We arrived to Chiang Mai, just after 4pm, the old town and history instantly felt, smallish buildings, old lettering, as we drove up the hotel driveway there was a little holiday charm and relaxation in store for the afternoon, a swim, poolside smoothie and room service and we called it a day.
The art of travelling with young boys who have opinions and interests too is important to Pete and I to nourish and pay attention to. The balance of making them happy and enjoying the sightseeing of historical sights and temples was matched with a day at the Grand Canyon Water Park. They enjoyed 8 hours of jumping, sliding, zip lining on aqua inflatables and rope swings. It was empty, normally 400 people, today just 20 guests on our visit. That lack of people making it safer for our young children and no queues to have a tantrum in.
During our days in Chiang Mai, we toured the Arts District and took in the history of the town square. The New Year’s Eve celebrations were cancelled and we decided on a Game Night to mix things up and were awoken to fireworks lighting the night sky at midnight, as not one little boy, made it past 10:30pm.
On January 1st we drove to DoI Inthanon, the highest mountain in Thailand. A quest we were all excited to take on. After much research and preparation we felt safest driving in sunlight and even though we’d miss the sunrise, our comfort level eventually won the matter. Dressed in two layers with one more to don once we arrived, the view from the top was breathtaking. To breath in, at the highest point in Thailand on New Year’s Day in a year like no other brought tears to my eyes, as I watched the boys marvel as they were standing above the clouds.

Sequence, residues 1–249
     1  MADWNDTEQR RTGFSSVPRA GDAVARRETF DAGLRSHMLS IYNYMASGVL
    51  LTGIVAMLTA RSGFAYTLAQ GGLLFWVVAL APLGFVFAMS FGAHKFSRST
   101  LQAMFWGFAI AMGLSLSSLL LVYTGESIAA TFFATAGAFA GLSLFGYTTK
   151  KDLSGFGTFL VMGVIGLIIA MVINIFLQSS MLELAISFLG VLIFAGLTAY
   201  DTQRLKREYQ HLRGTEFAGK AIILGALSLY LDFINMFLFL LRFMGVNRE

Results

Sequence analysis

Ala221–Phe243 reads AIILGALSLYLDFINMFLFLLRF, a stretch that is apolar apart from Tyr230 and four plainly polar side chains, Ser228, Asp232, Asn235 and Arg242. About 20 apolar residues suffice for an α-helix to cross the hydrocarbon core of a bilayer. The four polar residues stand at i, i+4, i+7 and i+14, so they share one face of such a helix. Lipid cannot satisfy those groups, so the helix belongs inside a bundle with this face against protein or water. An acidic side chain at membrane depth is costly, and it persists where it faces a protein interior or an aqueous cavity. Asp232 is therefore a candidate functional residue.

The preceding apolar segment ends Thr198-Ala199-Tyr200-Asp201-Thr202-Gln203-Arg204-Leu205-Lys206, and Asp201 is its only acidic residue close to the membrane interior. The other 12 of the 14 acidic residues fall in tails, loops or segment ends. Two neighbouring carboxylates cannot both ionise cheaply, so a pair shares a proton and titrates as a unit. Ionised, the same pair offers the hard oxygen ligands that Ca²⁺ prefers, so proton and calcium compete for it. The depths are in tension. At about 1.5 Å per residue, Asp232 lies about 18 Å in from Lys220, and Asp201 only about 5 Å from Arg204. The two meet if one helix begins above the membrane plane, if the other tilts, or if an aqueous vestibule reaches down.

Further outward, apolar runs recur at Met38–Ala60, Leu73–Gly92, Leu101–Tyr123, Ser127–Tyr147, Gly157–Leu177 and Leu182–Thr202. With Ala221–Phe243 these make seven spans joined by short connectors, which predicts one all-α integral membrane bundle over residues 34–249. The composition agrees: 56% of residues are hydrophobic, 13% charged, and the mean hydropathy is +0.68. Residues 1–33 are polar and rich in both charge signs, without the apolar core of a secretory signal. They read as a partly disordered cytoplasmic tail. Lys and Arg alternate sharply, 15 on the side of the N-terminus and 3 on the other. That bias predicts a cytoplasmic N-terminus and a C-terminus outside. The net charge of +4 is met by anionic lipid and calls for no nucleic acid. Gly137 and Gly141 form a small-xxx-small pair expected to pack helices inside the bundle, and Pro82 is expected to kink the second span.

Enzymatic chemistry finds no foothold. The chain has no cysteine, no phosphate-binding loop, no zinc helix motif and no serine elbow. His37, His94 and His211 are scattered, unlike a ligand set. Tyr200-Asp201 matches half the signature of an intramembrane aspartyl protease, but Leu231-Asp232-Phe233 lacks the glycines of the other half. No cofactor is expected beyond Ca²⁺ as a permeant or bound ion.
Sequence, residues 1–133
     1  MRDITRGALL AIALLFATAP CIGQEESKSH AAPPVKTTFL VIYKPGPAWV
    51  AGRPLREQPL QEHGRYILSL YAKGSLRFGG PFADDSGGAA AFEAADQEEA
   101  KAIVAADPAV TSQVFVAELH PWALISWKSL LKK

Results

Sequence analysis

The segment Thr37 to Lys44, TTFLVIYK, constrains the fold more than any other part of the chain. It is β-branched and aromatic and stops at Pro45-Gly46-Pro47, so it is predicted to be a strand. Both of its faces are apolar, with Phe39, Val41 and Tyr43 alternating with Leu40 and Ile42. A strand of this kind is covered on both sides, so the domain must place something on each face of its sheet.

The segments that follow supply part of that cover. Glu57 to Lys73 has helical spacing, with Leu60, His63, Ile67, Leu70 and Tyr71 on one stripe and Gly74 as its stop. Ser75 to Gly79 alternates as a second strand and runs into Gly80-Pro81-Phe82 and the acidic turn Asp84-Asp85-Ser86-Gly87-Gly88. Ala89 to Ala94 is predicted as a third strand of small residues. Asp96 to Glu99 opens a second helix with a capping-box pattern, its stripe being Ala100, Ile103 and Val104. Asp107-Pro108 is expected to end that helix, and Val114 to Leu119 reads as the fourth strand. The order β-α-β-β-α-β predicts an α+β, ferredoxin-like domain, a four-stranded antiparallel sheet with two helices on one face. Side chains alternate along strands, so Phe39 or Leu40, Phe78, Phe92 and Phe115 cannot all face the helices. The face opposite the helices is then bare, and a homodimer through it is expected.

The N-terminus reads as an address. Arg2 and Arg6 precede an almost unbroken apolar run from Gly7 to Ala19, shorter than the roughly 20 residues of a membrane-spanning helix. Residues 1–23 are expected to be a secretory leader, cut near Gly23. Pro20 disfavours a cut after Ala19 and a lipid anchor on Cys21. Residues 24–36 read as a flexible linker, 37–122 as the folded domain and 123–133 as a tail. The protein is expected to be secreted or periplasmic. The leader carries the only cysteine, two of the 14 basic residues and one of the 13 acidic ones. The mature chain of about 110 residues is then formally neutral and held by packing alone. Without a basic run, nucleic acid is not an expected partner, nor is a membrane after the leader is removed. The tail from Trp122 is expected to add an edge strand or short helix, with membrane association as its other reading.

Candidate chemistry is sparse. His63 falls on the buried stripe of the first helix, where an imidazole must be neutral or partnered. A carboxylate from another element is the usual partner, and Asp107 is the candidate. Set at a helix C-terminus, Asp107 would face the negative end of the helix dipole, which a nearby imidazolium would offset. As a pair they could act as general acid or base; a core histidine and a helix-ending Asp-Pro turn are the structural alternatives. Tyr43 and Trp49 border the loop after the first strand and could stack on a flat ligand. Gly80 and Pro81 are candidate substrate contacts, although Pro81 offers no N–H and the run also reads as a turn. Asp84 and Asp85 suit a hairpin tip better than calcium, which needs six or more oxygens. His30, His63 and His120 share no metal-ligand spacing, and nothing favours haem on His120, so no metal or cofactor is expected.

With cool air in our lungs, new experiences had, visions of Northern Thailand and history in our minds, and a bond unexpected by taking to the roads of The Land of Smiles, our ‘roady’, (as my Australian friend calls it) was drawing to an end. The lockdown getting closer and our obligations to home calling us. The journey back to Bangkok made a little easier by the practice we had gotten on the way out, and the stories we know had tucked inside our seats, keeping us entertained and full, along with 4 boxes of roadside strawberries to keep us sweet and satisfied.